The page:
The Court disagreed with the Bergins’ defense, ultimately adopting the rationale of the Colorado case of Rhodig v. Keck. It was the intent of the parties, the Court ruled, not the location of the tree, that governed whether the tree was a boundary tree.

Little trees don't stay little

Little trees don’t stay little…

Here, the Bergins planted and maintained the tree exclusively. They and the Holmbergs neither treated nor intended the elm to be a boundary tree. Instead, the tree ended up straddling the boundary only by an accident of growth. No matter where the tree had grown to encompass, it remained the Bergins’ tree, and the court found it to be a nuisance.

The damage wrought by the tree makes an interesting comparison to the 2007 Virginia decision in Fancher v. Fagella on encroachment and nuisances. The tree’s shallow root system made remedies short of removal infeasible, and the roots seemed to run just about everywhere. The case is an excellent illustration of how the facts of the particular growth at issue can drive a court’s decision.

Holmberg v. Bergin, 285 Minn. 250, 172 N.W.2d 739 (Sup.Ct. Minn. 1969). The Bergins and Holmbergs were adjoining landowners in Minneapolis. In 1942, the Bergins planted an elm tree on their property about 15 inches north of the boundary line, and they have maintained the tree and have exercised sole control over it since that time. The Holmbergs bought their place 10 years later and constructed a chain-link fence on their property 4 inches south of the common boundary line. When the fence was completed, the tree was 6 inches away from it and 2 inches away from the boundary line, so the tree did not touch or interfere with the fence.

By 1968, the tree was 75 feet high, with a trunk diameter of 2 1/2 feet, and it was protruding about 8 inches onto the Holmbergs’s property. Its roots extended onto Holmberg’s property and pushed the fence out of line, making the use of a gate in the fence impossible. The tree was close to both houses and the roots, being cramped for room, have pushed up a large hump in the ground around the base of the tree. The roots raised the ground level from the base of the tree to the Holmbergs’ sidewalk and caused it to tip toward their house, resulting in drainage into their basement.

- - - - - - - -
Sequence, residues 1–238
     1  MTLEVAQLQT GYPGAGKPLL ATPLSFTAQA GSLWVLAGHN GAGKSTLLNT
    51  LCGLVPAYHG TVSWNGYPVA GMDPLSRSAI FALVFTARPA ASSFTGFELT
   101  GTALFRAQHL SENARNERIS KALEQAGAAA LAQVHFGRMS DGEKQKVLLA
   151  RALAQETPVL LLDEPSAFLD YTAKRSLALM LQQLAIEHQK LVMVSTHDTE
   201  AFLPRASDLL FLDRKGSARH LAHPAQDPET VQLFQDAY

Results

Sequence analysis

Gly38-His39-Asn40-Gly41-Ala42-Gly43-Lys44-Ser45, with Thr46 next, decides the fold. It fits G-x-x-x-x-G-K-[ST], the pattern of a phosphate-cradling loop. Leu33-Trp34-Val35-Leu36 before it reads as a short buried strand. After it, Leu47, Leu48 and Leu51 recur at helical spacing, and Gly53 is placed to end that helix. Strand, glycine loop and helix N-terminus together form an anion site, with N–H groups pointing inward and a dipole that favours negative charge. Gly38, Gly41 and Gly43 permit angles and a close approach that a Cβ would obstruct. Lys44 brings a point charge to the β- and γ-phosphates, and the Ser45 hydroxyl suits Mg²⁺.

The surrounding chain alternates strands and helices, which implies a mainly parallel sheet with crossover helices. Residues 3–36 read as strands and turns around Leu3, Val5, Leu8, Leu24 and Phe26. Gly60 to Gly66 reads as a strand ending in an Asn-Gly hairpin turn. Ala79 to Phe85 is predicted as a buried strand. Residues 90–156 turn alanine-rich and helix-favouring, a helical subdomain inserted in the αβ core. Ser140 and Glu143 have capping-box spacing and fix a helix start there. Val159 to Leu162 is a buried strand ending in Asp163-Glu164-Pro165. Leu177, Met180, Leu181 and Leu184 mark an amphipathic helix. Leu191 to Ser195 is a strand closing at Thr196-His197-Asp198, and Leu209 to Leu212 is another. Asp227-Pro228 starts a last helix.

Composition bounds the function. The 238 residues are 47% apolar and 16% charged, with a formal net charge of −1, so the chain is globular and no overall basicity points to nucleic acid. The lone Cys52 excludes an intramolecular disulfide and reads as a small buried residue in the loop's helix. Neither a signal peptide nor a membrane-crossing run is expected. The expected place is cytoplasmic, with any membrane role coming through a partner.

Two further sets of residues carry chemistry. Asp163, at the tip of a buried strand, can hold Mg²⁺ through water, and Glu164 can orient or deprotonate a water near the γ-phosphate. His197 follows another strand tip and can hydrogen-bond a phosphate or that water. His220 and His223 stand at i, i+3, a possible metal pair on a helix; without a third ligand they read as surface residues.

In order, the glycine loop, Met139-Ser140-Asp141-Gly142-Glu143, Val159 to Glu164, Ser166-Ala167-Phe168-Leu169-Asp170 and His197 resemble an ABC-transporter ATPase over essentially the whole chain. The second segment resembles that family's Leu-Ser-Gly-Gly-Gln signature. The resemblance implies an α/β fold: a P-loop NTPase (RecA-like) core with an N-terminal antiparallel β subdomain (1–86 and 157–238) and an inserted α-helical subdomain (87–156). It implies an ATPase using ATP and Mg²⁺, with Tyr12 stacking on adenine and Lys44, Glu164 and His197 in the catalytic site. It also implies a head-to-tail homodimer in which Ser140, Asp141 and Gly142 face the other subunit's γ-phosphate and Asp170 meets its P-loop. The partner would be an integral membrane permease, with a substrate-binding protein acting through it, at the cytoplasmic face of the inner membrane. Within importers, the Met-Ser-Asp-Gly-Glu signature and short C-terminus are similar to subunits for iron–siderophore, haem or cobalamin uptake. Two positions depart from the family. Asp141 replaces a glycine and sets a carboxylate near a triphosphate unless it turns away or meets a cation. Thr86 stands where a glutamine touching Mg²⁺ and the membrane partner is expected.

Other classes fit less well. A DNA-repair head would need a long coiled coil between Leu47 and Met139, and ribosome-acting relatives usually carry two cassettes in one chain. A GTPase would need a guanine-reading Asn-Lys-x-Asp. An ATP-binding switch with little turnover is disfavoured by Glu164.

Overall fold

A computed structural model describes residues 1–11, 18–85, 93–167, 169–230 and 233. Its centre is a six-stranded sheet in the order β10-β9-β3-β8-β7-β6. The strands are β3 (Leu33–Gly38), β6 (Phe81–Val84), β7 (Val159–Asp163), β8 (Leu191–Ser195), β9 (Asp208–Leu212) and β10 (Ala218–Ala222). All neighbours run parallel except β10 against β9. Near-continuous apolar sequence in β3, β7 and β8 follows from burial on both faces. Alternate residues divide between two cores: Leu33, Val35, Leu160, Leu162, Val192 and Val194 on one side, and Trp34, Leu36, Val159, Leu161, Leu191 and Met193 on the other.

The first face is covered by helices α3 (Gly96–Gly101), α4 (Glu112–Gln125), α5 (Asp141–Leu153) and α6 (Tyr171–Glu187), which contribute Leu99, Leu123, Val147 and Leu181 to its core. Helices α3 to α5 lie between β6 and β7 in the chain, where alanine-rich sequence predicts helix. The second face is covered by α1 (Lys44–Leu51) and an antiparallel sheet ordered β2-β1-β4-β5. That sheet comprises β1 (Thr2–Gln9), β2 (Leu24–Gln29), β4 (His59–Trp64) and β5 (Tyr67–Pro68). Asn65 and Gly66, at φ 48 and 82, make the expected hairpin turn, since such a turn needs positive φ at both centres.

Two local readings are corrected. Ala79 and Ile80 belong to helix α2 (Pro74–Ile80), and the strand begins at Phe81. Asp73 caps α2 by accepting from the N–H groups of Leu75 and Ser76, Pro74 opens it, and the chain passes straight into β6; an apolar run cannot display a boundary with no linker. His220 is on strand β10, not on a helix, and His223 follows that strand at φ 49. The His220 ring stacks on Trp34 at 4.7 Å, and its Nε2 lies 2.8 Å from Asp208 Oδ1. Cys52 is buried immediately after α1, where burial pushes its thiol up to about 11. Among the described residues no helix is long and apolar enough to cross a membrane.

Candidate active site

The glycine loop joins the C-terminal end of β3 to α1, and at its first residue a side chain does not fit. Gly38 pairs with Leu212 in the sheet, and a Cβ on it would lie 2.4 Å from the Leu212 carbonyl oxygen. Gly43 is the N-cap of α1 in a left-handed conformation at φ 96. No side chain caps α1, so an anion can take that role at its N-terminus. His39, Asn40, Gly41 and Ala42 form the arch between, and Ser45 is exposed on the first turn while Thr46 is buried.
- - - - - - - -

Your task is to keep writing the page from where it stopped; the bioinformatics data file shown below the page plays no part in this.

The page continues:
To fix the problem, the Holmbergs were forced to construct a new sidewalk, which — because of the tree roots — promptly cracked as well. The Bergins’ property value property would depreciate by $5,000 if the tree were removed.

Over the Bergin’s complaint that the tree was a boundary tree, the trial court found that the tree was a nuisance and ordered it removed by the Bergins at their own expense. No damages were awarded to the Holmbergs due to their failure to take advantage of earlier opportunities to remove roots. The Bergins appealed.

The parties had never agreed that the tree would mark their boundary - and this was important to the court

     The parties had never agreed that the tree would mark their boundary – and this was important to the court.

Held: The tree was a nuisance. The Supreme Court held that something more than the mere presence of a portion of a tree trunk on a boundary line is necessary to make the tree itself a ‘boundary line tree’ so as to bring it within the legal rule that it is owned by adjoining landowners as tenants in common.

Whether the tree marks the boundary depends upon the intention, acquiescence, or agreement of the adjoining owners or upon the fact that they jointly planted the hedge or tree or jointly constructed the fence.